3 “Garnavillo Lady Dead,” Guttenberg [Iowa] Press, 15 November 1907, p. 1, col. 1; digital image, A Digital Archive of Guttenberg Public Library (http://www.guttenberg.advantage-preservation.com : accessed 25 January 2014).
4 “Iowa, County Marriages, 1838-1934,” index, FamilySearch (www.familysearch.org : accessed 28 March 2015), Fred Thoma and Matilda J. Hammond, 29 December 1879; citing Clayton County Courthouse, Elkader, and “Fred Thoma,” Guttenberg Press, 29 January 1925.
5 1880 U.S. census, Clayton County, Iowa, population schedule, Garnavillo, Enumeration District (ED) 133, p. 21 (penned), dwelling 178, family 188, Fritz Thoma; digital image, Ancestry.com (http://www.ancestry.com : accessed 16 April 2014), citing National Archives microfilm T9, roll 333.
6 “Last Rites for Matilda Thoma,” The Garnavillo [Iowa] Tribune, 28 August 1947.
7 “Garnavillo Gleanings,” Clayton County [Iowa] Journal, 9 February 1906, p. 8, col. 1; digital image, A Digital Archive of Guttenberg Public Library (http://www.guttenberg.advantage-preservation.com : accessed 25 January 2014).
8 Fern (Thoma) Adam, conversation with Brian Adam, 1 August 1984; notes in author’s files. Fern was the granddaughter of Fred and Matilda (Hammond) Thoma and had recently spoken with her cousin Ina (Fischer) Roloff regarding their grandparents.
9 1885 Iowa State Census, Garnavillo, Clayton County, Iowa, Fritz Thoma; digital image, Ancestry.com (http://www.ancestry.com : accessed 28 March 2015), citing State Historical Society of Iowa, and 1900 U.S. census, Clayton County, Iowa, population schedule, Garnavillo, Enumeration District (ED) 50, sheet 8, p. 106A (stamped), dwelling 152, family 154, Fred Thoma; digital image, Ancestry.com (http://www.ancestry.com : accessed 28 March 2015), citing National Archives microfilm T623, roll 425.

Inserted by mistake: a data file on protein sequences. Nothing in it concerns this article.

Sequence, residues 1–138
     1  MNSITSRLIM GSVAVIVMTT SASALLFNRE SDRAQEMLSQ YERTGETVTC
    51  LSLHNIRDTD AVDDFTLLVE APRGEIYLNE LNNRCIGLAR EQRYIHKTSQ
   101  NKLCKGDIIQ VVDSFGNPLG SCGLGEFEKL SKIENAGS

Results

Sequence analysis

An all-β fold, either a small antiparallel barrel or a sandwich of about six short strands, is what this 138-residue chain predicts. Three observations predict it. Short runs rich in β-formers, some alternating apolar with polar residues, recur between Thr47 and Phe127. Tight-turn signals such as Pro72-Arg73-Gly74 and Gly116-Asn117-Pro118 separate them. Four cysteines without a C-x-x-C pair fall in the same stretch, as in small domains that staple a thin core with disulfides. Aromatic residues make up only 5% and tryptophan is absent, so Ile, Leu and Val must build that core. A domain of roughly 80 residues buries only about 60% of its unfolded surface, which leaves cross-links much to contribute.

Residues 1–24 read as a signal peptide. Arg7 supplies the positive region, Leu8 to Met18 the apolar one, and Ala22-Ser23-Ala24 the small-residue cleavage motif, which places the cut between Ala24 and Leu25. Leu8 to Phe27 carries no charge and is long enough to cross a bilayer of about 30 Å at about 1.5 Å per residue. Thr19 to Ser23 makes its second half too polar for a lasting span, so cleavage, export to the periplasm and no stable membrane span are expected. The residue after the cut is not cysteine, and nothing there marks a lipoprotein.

10 Fern (Thoma) Adam, conversation with Brian Adam, 1 August 1984.
11 “Fred Thoma,” Guttenberg Press, 29 January 1925.
12 1930 U.S. census, Harris County, Texas, population schedule, Houston, enumeration district (ED) 209, sheet 5-B, p. 7201 (penned), dwelling 82, family 107, Mathilda Thoma; digital image, Ancestry.com (http://www.ancestry.com : accessed 20 November 2013), citing National Archives microfilm publication T626, roll 2349, and 1940 U.S. census, Grant County, Wisconsin, population schedule, Wyalusing, enumeration district (ED) 22-56, sheet 1-A, p. 7201 (penned), dwelling 82, family 107, Matilda Thomas; digital image, Ancestry.com (http://www.ancestry.com : accessed 20 November 2013), citing National Archives microfilm publication T627, roll 4481.
13 Wisconsin State Board of Health, death certificate, Matilda H. Thoma (1947), Vital Records Office, Madison.

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2 thoughts on “Tombstone Tuesday: Fred and Matilda (Hammond) Thoma

  1. Pingback: The Proud Owners of a New Piano | Homestead Genealogical Research

  2. Pingback: An Ancestor with an Alias Revisited | Homestead Genealogical Research